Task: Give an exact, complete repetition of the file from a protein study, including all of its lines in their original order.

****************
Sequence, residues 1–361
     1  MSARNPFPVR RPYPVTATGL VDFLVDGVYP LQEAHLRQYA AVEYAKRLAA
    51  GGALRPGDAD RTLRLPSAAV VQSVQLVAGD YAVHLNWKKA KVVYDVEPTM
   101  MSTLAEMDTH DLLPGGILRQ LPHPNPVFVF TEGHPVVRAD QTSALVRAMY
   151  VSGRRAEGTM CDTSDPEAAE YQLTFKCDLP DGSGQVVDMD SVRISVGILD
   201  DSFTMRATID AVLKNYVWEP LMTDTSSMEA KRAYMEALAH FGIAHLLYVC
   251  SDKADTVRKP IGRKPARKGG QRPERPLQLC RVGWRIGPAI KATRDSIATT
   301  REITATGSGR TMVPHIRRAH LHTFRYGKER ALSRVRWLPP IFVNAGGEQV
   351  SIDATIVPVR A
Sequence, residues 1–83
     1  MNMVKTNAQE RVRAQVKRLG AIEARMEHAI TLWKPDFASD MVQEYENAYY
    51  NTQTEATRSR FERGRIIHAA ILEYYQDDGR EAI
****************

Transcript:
Sequence, residues 1–361
     1  MSARNPFPVR RPYPVTATGL VDFLVDGVYP LQEAHLRQYA AVEYAKRLAA
    51  GGALRPGDAD RTLRLPSAAV VQSVQLVAGD YAVHLNWKKA KVVYDVEPTM
   101  MSTLAEMDTH DLLPGGILRQ LPHPNPVFVF TEGHPVVRAD QTSALVRAMY
   151  VSGRRAEGTM CDTSDPEAAE YQLTFKCDLP DGSGQVVDMD SVRISVGILD
   201  DSFTMRATID AVLKNYVWEP LMTDTSSMEA KRAYMEALAH FGIAHLLYVC
   251  SDKADTVRKP IGRKPARKGG QRPERPLQLC RVGWRIGPAI KATRDSIATT
   301  REITATGSGR TMVPHIRRAH LHTFRYGKER ALSRVRWLPP IFVNAGGEQV
   351  SIDATIVPVR A
Sequence, residues 1–83
     1  MNMVKTNAQE RVRAQVKRLG AIEARMEHAI TLWKPDFASD MVQEYENAYY
    51  NTQTEATRSR FERGRIIHAA ILEYYQDDGR EAI